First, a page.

If the former Assemblywoman from Alameda joins with the Democratic leadership in supporting a term-limit reform initiative that reportedly has gathered enough petition signatures to appear on February's ballot, she's supporting a measure that dooms her aspiration to the state Senate in 2008.
If she bucks the leadership including her political mentor, state Senate President Pro Tem Don Perata, D-Oakland and opposes the initiative, she's advocating for denying Perata another term, and in doing so, probably denying herself much of the campaign support and money Perata's formidable network could provide.
What to do? Chan, as usual, is toeing the party line. She said she's basically in favor of any measure that will keep seasoned lawmakers in office longer.
"If it passes, I don't plan on running against the senator I'mjust going to see what happens, I guess," she said. "There are a lot of people out there campaigning who are in similar situations to mine."
But "there's no certainty that it's going to pass," she said, and so she'll keep campaigning at least until Feb. 5. So far, "it's going well, raising money, getting my team in place" and meeting the masses in the 9th State Senate District. "I think a lot of people are supportive of me coming back."
Current law limits a person to four two-year terms in the Assembly and two four-year terms in the state Senate 16 years in all. The Term Limits and Legislative Reform Act would cap a person's service at 12 years in the Legislature, but without regard to whether the years were served in the Assembly or Senate. In other words, an individual could serve six two-year terms in the Assembly, three four-year terms in the Senate or some combination of terms in both houses.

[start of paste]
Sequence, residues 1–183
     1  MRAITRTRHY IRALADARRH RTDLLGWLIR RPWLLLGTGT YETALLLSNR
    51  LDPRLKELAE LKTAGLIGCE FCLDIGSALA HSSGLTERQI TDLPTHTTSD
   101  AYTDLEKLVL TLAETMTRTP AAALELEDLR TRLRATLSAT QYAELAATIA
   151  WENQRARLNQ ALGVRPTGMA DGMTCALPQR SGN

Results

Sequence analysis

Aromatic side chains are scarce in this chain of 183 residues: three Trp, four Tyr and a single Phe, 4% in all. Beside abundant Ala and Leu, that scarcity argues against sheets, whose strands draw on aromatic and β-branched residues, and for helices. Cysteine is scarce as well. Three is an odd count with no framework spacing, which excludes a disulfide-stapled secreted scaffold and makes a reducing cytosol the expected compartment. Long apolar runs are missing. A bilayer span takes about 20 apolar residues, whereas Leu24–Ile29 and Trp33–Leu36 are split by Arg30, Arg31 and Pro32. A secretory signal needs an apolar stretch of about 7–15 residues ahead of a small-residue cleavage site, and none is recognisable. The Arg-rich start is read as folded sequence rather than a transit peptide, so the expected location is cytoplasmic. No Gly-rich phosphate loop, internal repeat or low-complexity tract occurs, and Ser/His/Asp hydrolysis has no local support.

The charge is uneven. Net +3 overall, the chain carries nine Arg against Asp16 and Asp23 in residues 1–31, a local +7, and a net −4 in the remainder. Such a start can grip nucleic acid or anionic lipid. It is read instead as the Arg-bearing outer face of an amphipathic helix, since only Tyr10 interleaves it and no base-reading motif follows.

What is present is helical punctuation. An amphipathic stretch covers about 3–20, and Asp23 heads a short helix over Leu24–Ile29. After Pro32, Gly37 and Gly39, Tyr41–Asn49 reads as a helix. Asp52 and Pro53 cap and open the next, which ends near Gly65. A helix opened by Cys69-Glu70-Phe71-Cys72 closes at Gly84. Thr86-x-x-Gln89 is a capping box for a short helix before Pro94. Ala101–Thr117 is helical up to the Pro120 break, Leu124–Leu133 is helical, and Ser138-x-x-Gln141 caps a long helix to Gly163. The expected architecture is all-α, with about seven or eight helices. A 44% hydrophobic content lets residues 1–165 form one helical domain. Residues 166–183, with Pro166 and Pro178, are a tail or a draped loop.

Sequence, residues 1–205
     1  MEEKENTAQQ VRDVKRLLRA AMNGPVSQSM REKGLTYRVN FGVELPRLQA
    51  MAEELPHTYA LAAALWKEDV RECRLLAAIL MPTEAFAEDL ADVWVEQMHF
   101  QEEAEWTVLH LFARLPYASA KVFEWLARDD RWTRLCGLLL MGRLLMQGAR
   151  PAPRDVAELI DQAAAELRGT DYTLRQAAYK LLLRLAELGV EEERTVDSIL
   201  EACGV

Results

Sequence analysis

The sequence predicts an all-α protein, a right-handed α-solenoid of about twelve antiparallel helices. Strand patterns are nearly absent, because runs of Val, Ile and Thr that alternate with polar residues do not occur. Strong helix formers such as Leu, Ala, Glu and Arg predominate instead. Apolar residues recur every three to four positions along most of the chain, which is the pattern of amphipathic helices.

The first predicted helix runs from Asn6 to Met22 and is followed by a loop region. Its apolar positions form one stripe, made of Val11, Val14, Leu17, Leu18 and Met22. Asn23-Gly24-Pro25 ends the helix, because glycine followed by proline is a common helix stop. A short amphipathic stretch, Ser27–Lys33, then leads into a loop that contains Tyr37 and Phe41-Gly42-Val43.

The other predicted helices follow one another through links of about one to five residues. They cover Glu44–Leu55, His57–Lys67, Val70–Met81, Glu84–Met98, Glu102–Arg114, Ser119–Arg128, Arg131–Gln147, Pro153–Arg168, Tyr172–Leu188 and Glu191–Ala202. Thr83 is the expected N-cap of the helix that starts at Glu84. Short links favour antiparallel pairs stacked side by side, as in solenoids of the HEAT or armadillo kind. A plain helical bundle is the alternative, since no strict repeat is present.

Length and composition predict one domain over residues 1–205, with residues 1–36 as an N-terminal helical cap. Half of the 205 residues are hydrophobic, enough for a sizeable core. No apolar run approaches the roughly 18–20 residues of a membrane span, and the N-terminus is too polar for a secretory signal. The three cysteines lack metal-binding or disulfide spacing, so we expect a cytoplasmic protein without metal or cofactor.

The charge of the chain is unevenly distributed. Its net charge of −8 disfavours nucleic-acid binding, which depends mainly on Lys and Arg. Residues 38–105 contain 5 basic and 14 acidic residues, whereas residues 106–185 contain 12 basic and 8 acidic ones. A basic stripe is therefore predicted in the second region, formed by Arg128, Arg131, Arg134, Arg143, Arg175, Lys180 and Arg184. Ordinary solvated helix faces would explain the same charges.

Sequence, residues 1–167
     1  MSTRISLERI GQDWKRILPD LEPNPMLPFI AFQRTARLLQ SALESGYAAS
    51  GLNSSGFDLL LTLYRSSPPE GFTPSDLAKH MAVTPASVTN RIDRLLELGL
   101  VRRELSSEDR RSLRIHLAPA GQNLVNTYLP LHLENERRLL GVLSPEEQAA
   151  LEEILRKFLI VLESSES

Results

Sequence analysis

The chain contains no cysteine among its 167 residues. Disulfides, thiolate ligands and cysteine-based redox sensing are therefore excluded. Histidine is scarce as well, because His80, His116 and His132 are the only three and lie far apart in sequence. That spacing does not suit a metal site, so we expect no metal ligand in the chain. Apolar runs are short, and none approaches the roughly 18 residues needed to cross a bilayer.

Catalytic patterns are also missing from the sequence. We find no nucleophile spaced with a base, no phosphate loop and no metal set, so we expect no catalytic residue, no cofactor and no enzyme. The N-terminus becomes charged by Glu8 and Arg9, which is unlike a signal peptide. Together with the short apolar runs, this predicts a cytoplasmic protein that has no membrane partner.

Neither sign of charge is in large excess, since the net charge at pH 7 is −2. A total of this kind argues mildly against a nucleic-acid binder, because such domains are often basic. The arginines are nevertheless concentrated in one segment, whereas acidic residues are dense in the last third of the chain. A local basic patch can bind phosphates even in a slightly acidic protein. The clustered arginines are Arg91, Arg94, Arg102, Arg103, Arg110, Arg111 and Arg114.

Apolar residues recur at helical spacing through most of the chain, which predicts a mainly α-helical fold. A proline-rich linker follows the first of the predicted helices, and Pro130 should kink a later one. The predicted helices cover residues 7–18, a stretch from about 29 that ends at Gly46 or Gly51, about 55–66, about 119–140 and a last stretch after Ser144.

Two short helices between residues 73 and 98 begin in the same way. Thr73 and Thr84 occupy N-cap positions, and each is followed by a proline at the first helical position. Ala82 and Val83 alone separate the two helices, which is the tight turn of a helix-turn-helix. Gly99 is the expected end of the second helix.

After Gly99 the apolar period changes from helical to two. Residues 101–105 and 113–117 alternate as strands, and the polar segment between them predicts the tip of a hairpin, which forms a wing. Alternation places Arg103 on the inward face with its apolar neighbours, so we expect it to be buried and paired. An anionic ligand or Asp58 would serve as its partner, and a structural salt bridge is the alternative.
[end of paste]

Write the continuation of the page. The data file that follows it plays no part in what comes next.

But the initiative also carries a sort of "grandfather clause" that says a current state Senate or Assembly member may "serve 12 years in the house in which he or she is currently serving." Perata was elected to his state Senate seat in a 1998 special election, so he would be able to seek another term if this measure passes.
The Chan for State Senate committee had $401,759.23 in the bank as of the end of 2006; only $10,000 in late contributions have been reported since then. Chan's campaign Web site, http://www.wilmachan.org, features a blog and an endorsement list last updated in March.
Assemblywoman Loni Hancock, D-Berkeley, also has intended to run for Perata's state Senate seat next year, but has said that if Perata becomes able to seek another term, she'll not challenge him. Hancock for Senate 2008 didn't have any cash at 2007's start but reported a $7,200 contribution in June from the International Brotherhood of Electrical Workers Local 302; her 2006 Assembly campaign finished last year with $78,659.68 in the bank.
Not running for the state Senate next year won't harm Hancock's political future much, as the same measure that would keep Perata in office would make her eligible for three more Assembly terms.
But Chan would have to endure another four years without the bully pulpit of elected office before she could seek the state Senate seat a significant name-recognition disadvantage.
She's not without a paycheck, though, because Perata in January named her to the California Medical Assistance Commission, which contracts with hospitals, insurers and other entities to provide health care services to Medi-Cal recipients. Her term expires Jan. 1, 2009, and pays $50,000 per year plus necessary travel expenses.
Oddly enough, it was Chan who helped Perata to secure his current term in which he became the Senate President Pro Tem, arguably the state's most powerful Democrat.
Filling less than half a term doesn't count toward the existing term limits, and Perata won a Nov. 3, 1998, special election to fill the 9th Senate District seat that Barbara Lee had vacated in April 1998. Perata argued his term didn't start until he was sworn in on Dec. 7, 1998 four days less than half a term and so he could run again in 2004.
Then-Attorney General Bill Lockyer agreed, but Perata and Chan didn't want to risk Republicans winning a court decision saying otherwise to kick Perata off the ballot. So Chan, with Perata's blessing, sued Perata in Alameda County Superior Court, where a judge in October 2003 concluded Perata could run again. "I knew it could've been challenged, and better it gets challenged by friendly fire," Perata said at the time. "Nothing has changed with my support for her (seeking the Senate seat) when I leave."